Study reveals flaws in SPED program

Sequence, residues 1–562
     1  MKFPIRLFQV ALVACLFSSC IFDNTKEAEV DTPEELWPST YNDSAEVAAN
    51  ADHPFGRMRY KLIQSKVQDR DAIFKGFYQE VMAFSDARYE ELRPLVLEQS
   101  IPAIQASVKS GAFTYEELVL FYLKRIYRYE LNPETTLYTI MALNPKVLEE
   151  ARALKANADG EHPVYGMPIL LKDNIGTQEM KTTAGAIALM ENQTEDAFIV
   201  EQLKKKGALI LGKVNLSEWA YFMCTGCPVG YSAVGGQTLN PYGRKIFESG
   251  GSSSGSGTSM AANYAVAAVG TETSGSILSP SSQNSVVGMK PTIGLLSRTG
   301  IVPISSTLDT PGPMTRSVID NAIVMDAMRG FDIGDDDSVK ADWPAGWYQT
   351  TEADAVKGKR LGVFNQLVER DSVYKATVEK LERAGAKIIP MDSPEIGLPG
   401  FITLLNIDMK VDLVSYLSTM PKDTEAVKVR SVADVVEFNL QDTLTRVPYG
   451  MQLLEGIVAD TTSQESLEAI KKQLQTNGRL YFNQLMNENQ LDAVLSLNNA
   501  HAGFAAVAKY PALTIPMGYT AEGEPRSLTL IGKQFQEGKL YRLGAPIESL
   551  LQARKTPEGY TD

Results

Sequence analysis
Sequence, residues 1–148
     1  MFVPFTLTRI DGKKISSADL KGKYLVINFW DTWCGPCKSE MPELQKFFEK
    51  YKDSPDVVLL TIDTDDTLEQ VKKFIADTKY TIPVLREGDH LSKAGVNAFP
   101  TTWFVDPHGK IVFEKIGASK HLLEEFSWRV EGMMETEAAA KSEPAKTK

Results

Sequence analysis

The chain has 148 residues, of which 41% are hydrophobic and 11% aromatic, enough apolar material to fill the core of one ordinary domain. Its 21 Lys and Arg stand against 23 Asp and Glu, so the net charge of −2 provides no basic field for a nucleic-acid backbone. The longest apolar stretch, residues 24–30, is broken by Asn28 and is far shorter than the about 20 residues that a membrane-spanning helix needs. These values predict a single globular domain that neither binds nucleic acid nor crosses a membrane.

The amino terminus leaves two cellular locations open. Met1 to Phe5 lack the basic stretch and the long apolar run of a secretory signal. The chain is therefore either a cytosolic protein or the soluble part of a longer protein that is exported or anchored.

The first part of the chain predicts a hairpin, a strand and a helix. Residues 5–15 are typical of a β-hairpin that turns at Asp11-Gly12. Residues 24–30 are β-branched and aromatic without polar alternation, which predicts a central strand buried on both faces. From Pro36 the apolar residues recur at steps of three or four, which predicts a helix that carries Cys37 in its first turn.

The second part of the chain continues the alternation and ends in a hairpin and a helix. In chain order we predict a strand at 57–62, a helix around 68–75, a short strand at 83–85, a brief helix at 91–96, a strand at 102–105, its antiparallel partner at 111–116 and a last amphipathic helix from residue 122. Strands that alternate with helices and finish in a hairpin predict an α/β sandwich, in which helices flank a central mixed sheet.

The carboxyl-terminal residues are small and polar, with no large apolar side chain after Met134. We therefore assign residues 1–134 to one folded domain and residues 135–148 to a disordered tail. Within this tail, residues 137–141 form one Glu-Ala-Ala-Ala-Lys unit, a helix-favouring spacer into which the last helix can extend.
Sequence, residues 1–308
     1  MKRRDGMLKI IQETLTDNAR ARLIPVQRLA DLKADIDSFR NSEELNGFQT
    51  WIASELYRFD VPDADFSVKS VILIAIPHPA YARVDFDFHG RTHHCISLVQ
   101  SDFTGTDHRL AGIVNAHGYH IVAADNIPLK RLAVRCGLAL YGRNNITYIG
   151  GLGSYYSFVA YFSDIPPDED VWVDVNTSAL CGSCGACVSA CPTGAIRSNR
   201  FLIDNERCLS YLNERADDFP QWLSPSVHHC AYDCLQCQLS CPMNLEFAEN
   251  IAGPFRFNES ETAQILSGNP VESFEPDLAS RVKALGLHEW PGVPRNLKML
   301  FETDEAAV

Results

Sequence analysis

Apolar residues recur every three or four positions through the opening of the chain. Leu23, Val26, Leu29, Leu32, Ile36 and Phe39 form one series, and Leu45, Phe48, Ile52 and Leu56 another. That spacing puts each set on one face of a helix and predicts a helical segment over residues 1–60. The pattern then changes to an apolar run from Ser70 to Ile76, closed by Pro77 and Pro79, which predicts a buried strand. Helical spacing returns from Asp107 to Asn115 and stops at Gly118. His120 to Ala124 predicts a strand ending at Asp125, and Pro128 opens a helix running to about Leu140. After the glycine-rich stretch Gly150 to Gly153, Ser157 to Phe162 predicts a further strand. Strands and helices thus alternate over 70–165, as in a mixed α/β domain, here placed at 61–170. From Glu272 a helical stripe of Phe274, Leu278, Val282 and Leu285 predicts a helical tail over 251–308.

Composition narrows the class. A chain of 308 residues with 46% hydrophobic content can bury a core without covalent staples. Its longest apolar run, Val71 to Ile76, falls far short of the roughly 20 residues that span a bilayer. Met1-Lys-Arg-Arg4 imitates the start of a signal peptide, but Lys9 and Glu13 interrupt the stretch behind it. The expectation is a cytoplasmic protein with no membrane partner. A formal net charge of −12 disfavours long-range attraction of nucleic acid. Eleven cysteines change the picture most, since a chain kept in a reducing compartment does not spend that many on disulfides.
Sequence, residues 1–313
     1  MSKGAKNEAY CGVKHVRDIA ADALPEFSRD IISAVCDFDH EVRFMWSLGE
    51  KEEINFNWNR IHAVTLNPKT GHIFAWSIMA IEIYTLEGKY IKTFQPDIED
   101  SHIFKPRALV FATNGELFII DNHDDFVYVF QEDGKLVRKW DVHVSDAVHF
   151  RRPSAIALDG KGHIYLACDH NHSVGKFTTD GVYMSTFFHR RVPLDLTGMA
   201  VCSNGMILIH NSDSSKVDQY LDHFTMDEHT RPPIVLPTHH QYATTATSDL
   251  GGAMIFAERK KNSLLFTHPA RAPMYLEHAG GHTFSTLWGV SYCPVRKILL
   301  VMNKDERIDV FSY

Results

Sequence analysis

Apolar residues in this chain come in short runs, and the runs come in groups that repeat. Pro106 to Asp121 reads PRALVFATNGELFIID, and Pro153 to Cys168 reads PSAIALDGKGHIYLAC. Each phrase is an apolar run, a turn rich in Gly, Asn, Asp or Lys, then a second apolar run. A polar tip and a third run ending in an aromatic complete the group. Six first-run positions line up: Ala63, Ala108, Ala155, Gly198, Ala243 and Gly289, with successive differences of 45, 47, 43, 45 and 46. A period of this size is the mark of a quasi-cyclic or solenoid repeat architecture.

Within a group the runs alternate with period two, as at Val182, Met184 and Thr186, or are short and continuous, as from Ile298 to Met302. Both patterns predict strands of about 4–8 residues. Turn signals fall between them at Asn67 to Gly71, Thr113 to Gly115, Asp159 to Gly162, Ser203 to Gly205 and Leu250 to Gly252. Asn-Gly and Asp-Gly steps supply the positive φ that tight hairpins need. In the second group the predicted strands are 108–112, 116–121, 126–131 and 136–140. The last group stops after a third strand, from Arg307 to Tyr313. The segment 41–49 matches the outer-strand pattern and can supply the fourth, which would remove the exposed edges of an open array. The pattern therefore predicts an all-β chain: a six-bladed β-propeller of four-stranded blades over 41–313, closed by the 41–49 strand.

By Bobby Q. Labalan Legazpi City --- Congw. Evelina Escudero pledged full support to the efforts of the Department of Education (DepEd) to strengthen the implementation of special education (SPED) in Bicol Region and elsewhere in the country. Escudero made the commitment as she assured Bicol DepEd officials of her full backing to initiatives that would make education more accessible and inclusive to all, including differently-abled persons. The woman legislator was the main guest of honor during the presentation of the results of the research study on the implementation of SPED program in the region which was initiated by Joan Lagata, a regional education program supervisor (EPS). Escudero lauded the research, entitled “The Gains and Gaps of Special Education Program in Region V” as it gave a clear picture of the status of special education which primarily aims to make education inclusive and accessible to all. She said the results would significantly help policy-makers as well as in coming up with new strategies and legislative actions. The legislator said it was an important input that could be used in tackling bills related to inclusive education. Low enrolment The study focused on 18 elementary and 12 secondary schools all over the region which received funding assistance from DepEd. Based on the results of the study, very few differently- abled children are enrolled in DepEd-supported SPED Centers and schools in Bicol as it only accounts for 0.07 (1,187 out of 1,545,099) per cent of the total enrolments in the region. The study also noted the huge difference in numbers of SPED learners who graduated in elementary compared to those who are enrolled in secondary schools. “This gap means that many SPED learners who finished elementary schooling did not enrol in high school,” Lagata said during the presentation which was also attended by division EPSs and SPED principals. Insufficient SPED teachers She said that one of the main reasons for this low participation rate in secondary level is the lack of SPED teachers who could handle learners in mainstream education system. Based on the study, out of the 111 secondary school teachers who handle special education only 5 possess SPED items while the rest are regular teachers. “Clearly, they do not possess the necessary educational background and qualifications to handle SPED classes,” Lagata stressed as she lauded the regular teachers for “rising to the occasion” despite their “handicap”. She pointed out that the basic qualifications required of SPED teachers are significant as they would be dealing with diverse exceptionalities that have specific needs. Reduced budget Lagata also observed that many SPED schools are still not equipped with facilities necessary for learners with exceptionalities and noted that the funding assistance being extended specifically to SPED schools had been reduced drastically. Up until 2015, these schools still received up to P600,000 budget allocation specifically for SPED purposes as embodied in DepEd Order No. 38-2015 but this had been abolished starting last year and only a meagre amount had been included in the school’s maintenance and other operating expenses (MOOE). She said that this significant budget reduction would further put a strain on the implementation of inclusive education. Lagata disclosed that schools lacked one of the most basic needs of SPED learners, especially those with imperceptible disability, which is the conduct of psychological and assessment tests to determine their specific exceptionality so it could be properly addressed. “That is the reason why we have a big number of SPED learners who are categorized as intellectually disabled but their specific exceptionality, whether autism, down syndrome, etc., is not properly identified,” she stressed. With the budget cut, there is no hope that this particular issue could be addressed, Lagata lamented. Strengths and Opportunities She, however, found comfort in the fact that there is now a strong support from stakeholders and the community. “Our school administrators as well as the teachers are really determined to fully implement the SPED program despite of these problems that beset them, and that is a very significant for the success of the program,” Lagata stressed. She also expressed gratitude to Escudero for taking time to attend the research presentation saying it was an indication of willingness to help address the weaknesses and threats that confront SPED. Recommendations To strengthen the program, Lagata said there is a need to come up with a comprehensive regional strategic plan to address the problems that hamper the realization of inclusive education in the region. It was also recommended that the funding assistance be restored and be increased to allow school administrators to sufficiently address their deficiencies especially on assistive materials and infrastructure support. She also proposed that teachers undergo intensive enhancement trainings as well as writeshops to address the lack or insufficiency of materials relevant to the specific needs of learners. One of her most significant recommendation, however, was directed at the Commission on Higher Education (CHED) which is the need for the inclusion of subjects on inclusive education in the undergraduate education courses. Lagata said that incorporating SPED subjects as part of all education courses would give all education graduates basic knowledge on inclusive education thereby preparing them for “any eventuality” once they start teaching. Book launching The research presentation culminated in the launching of Lagata’s book on special education entitled “Because Every Child Matters”. The academic book was a compilation of her write-ups on special education which she wrote during her one year scholarship at the University of Newcastle in Australia where she completed her masters on Special Education through a scholarship grant from the Australian government. Lagata expressed deep gratitude to Australian government which was represented by Estrellita Boskovic, the program manager at the Australian Embassy as well as to the DepED regional office which provided the book publication and research fund through the Basic Education Research Fund (BERF). (Mediaworks Communication)